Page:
We finally reached Howrah railway station in Kolkata before sunrise and were warmly welcomed by the humidity. One annoying thing about travelling in a large group is that you are constantly counting heads making sure that nobody gets lost in a foreign land. Our journey still hadn’t ended; we had to take another bus ride of forty minutes to get to the university campus where the convention was being held. But the beauty of Kolkata made even that bearable. The city is just breathtaking with its well-maintained apartment buildings to old temples to colonial houses. Especially the Howrah bridge, which is a brilliant architectural structure that adds to the beauty of the city. Driving through the city felt like I was watching an old Indian movie.

And then, after a two day long journey, we reached the Indian Institute of Management, the venue of the magnificent convention. The university campus itself was beautiful with a gorgeous lake in the centre of it. All of us were given rooms in the hostel building and the moment we reached there, most of us crashed on the beds and fell asleep, others were overjoyed at the sight of a Muslim shower in the washrooms.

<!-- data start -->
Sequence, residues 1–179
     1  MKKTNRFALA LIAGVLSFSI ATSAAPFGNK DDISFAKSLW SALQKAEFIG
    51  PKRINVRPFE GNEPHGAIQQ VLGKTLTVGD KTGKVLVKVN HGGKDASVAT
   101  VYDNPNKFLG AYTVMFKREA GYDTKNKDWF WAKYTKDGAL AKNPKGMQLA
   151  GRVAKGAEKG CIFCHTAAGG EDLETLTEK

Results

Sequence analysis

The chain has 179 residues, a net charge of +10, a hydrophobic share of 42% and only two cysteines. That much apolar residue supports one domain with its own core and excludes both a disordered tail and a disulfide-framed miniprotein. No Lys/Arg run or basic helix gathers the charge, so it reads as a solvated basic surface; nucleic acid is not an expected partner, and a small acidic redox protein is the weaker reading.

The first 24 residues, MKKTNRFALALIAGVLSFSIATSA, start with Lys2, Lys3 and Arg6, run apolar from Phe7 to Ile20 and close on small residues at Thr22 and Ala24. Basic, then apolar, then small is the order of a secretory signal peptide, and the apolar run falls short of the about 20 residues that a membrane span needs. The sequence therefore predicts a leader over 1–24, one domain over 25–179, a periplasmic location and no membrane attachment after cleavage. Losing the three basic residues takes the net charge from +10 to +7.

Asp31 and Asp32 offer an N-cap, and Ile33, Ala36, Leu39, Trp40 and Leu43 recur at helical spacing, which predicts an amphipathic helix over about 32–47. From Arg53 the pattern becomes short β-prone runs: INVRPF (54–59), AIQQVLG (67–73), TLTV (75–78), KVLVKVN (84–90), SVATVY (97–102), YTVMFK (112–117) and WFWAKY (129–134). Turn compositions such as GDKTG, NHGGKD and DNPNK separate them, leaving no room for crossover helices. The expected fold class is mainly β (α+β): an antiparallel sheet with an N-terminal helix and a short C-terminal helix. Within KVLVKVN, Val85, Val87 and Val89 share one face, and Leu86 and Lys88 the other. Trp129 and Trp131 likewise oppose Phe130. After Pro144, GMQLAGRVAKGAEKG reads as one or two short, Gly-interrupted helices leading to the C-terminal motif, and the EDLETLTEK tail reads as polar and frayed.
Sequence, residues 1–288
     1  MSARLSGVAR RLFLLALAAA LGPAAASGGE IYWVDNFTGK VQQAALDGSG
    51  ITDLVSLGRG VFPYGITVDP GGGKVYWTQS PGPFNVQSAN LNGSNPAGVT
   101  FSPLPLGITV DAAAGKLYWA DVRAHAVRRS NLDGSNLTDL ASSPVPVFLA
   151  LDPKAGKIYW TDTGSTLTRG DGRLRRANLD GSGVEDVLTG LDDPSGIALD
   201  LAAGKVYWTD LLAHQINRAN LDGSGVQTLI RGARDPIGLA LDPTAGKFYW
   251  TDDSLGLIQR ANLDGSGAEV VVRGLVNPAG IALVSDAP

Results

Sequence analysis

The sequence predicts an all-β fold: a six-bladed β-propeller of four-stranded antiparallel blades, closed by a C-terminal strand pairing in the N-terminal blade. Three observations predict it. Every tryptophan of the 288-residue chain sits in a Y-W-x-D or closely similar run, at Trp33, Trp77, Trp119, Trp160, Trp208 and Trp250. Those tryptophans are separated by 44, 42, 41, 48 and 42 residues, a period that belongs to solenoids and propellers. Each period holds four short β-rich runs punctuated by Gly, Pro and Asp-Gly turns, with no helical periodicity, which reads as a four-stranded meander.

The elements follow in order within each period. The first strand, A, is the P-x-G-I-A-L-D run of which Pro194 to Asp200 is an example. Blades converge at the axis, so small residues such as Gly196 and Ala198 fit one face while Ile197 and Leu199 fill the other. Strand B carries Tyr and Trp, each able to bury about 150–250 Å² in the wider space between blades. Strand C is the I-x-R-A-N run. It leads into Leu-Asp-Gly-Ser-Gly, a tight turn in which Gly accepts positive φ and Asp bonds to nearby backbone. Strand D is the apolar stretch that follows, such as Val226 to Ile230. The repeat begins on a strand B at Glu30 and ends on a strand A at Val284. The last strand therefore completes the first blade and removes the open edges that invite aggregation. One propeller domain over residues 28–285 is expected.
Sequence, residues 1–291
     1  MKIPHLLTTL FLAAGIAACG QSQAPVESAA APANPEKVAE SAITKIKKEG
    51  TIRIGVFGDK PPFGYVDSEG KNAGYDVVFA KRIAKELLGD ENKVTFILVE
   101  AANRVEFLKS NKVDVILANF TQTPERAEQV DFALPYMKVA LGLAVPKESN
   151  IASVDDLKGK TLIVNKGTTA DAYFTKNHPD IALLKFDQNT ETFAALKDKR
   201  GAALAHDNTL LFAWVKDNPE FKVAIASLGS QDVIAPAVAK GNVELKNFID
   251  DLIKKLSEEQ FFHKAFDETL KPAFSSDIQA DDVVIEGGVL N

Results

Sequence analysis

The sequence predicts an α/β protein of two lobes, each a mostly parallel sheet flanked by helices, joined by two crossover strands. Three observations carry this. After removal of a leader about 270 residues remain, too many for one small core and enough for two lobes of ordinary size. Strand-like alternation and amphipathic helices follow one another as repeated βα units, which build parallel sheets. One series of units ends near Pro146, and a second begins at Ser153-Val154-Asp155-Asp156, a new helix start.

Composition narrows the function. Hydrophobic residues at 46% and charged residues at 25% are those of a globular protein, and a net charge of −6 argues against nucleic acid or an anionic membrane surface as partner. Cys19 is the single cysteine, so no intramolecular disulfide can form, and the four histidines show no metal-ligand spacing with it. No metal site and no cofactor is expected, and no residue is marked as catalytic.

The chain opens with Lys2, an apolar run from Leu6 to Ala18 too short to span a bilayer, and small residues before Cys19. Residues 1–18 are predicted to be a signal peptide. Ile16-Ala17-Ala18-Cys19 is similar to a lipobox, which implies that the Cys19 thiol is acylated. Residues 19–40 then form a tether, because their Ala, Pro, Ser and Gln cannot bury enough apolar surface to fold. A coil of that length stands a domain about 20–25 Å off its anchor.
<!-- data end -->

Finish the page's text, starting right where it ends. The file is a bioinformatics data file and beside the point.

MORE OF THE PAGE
IMG_3524The experience of the convention was rather interesting as the schedule was jam packed. We had to wake up early in the morning at 3:45 to attend the yoga at 4. There were two kinds of yoga: Hatha yog and Naad yog. The former is done through different physical postures while the latter is done through sounds. It was an intense experience to attend both kinds of yogas in the morning. After that we were served breakfast in the mess and later we had to attend our intensives for three hours. This was everybody’s favorite part of the day as there was a range of interesting intensives ranging from various traditional forms of painting to Hindustani vocals to sculpture to Kathak to Bharatnatyam and many more.